If you dare to read HMRC’s 489 page guidance on the recently introduced corporate interest restriction rules, then the answer is probably…yes! As we approach nearly 12 months since the introduction of the new rules, I thought it would be useful to share what I have learnt so far.
As expected, the majority of small and medium-sized enterprises (SMEs) have benefitted from the £2m de minimis allowance. When the group’s net tax interest charge is less than £2m then there is no restriction to consider.
In the cases I have reviewed where the group’s interest charge exceeds £2m, the default ‘fixed ratio rule’ results in a calculated restriction. The fixed ratio is defined as being 30% x tax earnings before interest, taxes, depreciation, and amortisation (EBITDA). However, the group ratio rule has come to the rescue to ensure that no restriction is ultimately suffered. It is vital to remember that an election has to be made – failure to make the election can be costly.
Even when the group consists of UK only companies, it is possible that the group will suffer a restriction. This is because the fundamental core of the calculation of the group ratio is based on accounting entries whereas the fixed ratio is simply 30%. Significant timing differences between accounting and tax figures can therefore give rise to a restriction in the period. It is possible to make an election (yes another election!) to use the alternative calculation of the group ratio if this results in a better position.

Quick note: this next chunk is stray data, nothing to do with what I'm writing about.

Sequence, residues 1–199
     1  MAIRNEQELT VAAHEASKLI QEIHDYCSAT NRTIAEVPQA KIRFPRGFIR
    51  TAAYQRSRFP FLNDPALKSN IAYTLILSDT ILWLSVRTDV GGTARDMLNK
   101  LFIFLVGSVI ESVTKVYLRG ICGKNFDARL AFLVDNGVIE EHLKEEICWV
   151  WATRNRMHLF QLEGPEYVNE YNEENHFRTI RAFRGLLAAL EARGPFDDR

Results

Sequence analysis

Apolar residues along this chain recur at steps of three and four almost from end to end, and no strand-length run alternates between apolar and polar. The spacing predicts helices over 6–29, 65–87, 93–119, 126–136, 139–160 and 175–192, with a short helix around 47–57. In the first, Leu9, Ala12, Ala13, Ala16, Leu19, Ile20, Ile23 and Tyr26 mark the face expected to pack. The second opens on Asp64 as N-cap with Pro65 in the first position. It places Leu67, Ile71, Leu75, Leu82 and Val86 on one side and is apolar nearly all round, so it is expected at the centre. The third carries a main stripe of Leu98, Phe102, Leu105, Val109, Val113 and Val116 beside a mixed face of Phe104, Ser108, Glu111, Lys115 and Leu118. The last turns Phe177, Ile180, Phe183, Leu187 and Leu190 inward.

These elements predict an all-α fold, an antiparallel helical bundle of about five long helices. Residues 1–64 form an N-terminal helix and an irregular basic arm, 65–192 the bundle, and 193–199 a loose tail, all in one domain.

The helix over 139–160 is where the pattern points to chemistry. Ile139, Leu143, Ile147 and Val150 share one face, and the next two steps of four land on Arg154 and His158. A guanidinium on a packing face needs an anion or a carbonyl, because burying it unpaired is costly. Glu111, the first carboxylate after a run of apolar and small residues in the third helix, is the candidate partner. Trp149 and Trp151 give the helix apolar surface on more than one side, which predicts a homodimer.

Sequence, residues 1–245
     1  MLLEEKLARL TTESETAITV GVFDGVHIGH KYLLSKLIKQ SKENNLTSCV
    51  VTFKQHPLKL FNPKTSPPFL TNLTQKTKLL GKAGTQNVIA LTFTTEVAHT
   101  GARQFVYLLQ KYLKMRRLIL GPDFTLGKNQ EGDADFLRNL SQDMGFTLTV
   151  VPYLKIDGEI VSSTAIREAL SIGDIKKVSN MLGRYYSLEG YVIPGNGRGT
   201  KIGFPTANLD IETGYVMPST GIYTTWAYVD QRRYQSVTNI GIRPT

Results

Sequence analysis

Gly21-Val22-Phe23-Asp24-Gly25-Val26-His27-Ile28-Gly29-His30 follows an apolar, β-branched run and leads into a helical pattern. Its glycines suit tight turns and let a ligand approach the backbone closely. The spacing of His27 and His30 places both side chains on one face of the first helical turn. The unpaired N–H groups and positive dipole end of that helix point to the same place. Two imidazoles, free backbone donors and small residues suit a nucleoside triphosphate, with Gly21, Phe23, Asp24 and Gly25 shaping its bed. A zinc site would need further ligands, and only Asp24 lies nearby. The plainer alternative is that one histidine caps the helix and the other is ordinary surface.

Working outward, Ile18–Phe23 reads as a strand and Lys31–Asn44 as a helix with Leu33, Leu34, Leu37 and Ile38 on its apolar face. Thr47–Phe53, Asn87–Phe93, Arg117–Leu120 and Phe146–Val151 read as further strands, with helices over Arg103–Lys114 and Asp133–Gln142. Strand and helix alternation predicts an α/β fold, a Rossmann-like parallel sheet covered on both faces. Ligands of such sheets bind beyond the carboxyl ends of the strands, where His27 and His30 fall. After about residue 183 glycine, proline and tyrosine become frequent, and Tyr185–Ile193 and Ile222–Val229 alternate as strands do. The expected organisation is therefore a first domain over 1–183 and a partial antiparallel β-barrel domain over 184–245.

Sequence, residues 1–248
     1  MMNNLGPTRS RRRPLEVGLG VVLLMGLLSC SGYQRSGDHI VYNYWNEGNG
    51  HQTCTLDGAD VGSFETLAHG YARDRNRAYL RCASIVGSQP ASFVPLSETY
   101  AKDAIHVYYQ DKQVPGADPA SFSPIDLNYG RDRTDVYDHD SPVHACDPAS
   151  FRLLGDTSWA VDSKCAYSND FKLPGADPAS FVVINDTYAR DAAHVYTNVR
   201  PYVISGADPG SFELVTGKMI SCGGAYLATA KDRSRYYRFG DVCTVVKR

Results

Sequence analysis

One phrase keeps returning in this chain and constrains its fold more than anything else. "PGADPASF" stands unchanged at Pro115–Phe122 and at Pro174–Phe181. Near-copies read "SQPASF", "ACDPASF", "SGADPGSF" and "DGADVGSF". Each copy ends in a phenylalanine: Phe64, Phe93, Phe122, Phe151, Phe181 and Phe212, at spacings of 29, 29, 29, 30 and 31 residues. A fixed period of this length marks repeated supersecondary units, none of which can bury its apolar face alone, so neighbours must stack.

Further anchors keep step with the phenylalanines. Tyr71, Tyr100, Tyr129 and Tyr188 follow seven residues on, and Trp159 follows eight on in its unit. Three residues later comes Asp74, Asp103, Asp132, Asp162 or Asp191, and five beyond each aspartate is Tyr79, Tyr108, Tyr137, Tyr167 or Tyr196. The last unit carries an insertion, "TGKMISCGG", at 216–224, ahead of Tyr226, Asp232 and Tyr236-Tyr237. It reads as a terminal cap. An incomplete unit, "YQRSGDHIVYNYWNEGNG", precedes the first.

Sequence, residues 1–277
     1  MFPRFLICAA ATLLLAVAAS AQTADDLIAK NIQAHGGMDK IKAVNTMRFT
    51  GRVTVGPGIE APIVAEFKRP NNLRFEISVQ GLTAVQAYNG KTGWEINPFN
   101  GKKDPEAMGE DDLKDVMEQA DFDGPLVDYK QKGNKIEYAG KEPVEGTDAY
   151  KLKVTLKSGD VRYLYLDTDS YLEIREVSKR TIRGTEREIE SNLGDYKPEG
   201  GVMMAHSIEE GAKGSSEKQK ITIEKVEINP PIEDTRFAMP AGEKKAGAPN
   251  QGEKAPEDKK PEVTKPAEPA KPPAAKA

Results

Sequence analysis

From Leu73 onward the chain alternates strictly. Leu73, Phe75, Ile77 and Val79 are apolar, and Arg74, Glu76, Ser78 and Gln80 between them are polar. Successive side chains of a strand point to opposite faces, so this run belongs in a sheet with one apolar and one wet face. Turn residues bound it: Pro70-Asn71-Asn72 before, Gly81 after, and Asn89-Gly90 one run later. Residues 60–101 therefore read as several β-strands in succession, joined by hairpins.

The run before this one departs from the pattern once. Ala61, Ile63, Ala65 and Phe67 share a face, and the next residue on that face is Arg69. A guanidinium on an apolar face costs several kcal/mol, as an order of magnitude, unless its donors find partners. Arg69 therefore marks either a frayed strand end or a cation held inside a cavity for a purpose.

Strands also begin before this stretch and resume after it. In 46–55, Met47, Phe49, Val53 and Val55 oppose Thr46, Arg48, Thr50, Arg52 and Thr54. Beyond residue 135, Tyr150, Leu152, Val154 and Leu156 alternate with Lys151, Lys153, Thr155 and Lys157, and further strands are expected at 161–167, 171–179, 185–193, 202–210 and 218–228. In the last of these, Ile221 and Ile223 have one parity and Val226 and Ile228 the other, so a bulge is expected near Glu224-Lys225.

Groups should consider filing an abbreviated return, even though no restriction is suffered in the year. The reason being that it allows the group to carry forward any unused allowance to a future period. For example, if tax interest in the year is £1.7m, then the unused allowance compared the £2m de minimis is £0.3m. This can be carried forward up to five years in order to increase interest capacity in a future year. If no abbreviated return is required, then the opportunity to carry forward unused capacity is lost.
If a restriction does apply, then the disallowed amount must be allocated to group companies. The amount disallowed is then taken as a tax deduction in a future year when capacity allows. This is an ‘asset’ of the company in question and thought has to be given to whether a deferred tax asset should be recognised.
One difficulty that arises in assessing the application of the rules, is the availability of information. For example, if acting for a single UK company of a worldwide group, a copy of the group’s consolidated accounts is required in determining the group ratio. Those accounts may need to be restated in a format acceptable to HMRC, e.g. UK GAAP, which is easier said than done.
Although the majority of SMEs are currently unaffected as a result of the £2m de minimis, upon reflection, the £2m limit seems to be relatively modest in the context of reasonably large medium-sized companies. In a period where interest rates are likely to go up and uncertainty remains around Brexit, it is not unreasonable to predict that more groups will need to at least consider the application of these rules to their corporation tax position.